“Come and get it,” I yelled, and turned back to enter the calorie and point score on each item from their wrappers, then shoved the wrappers in the incinerator. That way you never get your accounts fouled up.

Dad sat down as I finished. Elapsed time from scratch, two minutes and twenty seconds—there’s nothing hard about cooking. I don’t see why women make such a fuss about it. No system probably.

Heinlein lived through the thirties, where poor people in the U.S. were genuinely hungry. It was a huge formative experience—Kathleen Norris, a romance writer, developed the idea that food ought to be socialised and free, and it comes up over and over again as a background detail in her fiction. Heinlein remained convinced “we’ll all be getting hungry by and by” until he revised his predictions in Expanded Universe in 1980. But here in this 1950s book, we see a tyranny of food consumption far more stringent than British WWII rationing. Overpopulation was something a lot of people were worried about then too. I find the failure of this prediction cheering.

But it’s also a brilliant piece of writing. Yes, he predicts the microwave, but I’d much rather have that automatic broiler—mine’s identical to a 1950s one. But look how much else is in there. Bill is taking the restrictions and regulations entirely for granted—and Heinlein shows us that by having him pleased to be able to afford “butterine.” Baked potatoes microwave okay, but are massively inferior to oven cooked potatoes—the skins are soft and the texture sucks—but Bill takes them entirely for granted too, along with the “synthosteaks.” He doesn’t lament the texture of the potatoes or miss real meat, he doesn’t know any better. Bill is proud of his cooking ability and has no idea he’s eating food his grandparents would have sneered at—synthosteaks and soup cubes indeed. Bill doesn’t even feel oppressed by the necessary record keeping. But Heinlein very clearly horrifies the reader of 1950 (or the reader of 2011 for that matter) precisely with Bill’s matter of fact attitude to this stuff. Heinlein is correctly predicting an increase in convenience food and kitchen gadgets to save time, but he’s also showing the way people get used to things and think they’re normal. He’s showing us masses about the world from the things Bill takes for granted.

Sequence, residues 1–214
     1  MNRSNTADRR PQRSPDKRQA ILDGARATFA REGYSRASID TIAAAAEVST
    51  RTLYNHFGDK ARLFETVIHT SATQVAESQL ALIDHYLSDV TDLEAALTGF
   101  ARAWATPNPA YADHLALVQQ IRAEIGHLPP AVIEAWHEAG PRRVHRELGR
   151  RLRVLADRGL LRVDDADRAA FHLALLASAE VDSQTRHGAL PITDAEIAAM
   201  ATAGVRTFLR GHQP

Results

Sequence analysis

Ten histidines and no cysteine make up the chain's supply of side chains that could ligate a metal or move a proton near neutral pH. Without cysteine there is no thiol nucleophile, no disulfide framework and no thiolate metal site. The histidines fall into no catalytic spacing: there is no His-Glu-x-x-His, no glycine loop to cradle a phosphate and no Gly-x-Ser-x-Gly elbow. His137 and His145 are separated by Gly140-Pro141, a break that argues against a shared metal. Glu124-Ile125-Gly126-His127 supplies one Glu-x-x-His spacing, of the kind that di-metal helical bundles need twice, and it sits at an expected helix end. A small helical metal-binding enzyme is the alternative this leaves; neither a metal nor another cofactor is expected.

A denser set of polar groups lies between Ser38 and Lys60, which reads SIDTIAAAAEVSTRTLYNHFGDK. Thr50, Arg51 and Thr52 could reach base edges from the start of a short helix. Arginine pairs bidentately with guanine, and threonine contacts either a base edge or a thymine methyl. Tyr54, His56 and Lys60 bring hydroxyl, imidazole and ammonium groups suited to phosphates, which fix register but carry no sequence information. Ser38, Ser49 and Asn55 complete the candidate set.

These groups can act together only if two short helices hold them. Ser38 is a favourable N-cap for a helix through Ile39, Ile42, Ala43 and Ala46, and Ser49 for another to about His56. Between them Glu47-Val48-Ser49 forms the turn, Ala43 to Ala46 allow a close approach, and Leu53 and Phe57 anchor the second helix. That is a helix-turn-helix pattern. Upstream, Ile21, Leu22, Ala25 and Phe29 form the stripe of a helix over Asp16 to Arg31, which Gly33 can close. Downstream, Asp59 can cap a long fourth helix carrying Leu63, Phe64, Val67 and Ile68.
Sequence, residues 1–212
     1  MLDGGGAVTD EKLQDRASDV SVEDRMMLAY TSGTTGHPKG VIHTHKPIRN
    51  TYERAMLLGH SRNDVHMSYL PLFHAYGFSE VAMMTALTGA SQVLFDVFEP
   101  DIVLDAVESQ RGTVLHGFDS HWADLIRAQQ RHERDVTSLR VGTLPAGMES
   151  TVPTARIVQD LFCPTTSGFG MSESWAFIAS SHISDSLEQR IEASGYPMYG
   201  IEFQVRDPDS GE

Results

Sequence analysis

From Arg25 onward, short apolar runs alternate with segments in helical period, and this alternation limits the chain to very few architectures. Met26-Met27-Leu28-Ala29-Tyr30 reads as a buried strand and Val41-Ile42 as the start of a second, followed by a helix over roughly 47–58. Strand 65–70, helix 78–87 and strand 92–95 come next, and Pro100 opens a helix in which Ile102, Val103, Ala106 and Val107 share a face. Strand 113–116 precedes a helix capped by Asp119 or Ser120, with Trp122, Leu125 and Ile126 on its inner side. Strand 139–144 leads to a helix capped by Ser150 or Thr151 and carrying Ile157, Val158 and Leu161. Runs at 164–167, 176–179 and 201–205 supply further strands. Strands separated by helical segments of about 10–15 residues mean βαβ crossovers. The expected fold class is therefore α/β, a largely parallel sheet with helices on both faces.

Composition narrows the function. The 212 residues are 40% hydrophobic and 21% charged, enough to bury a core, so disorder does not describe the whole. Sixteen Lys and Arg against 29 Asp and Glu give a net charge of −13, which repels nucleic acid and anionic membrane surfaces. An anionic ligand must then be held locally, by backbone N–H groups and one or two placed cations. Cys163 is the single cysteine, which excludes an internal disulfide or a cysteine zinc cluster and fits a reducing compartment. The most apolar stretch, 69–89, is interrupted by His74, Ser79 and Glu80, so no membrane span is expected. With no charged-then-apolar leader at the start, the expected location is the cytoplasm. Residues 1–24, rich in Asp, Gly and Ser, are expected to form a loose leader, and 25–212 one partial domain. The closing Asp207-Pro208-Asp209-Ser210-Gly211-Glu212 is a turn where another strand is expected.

He’s also showing us masses about the characters. He’s telling us Bill’s mother is dead, he’s telling us electric candles are normal, he’s showing us normal family life of Bill cooking a nice sit down meal for the two of them. He’s showing us Bill’s pride and acceptance and that they’re still missing his dead mother. “Just as Anne would have done” is six words which cover an immense amount of ground in Bill’s personality, his relationship with his father since his mother’s death, and the relationship of both of them with the dead Anne. He’s a teenage boy and he’s trying really hard.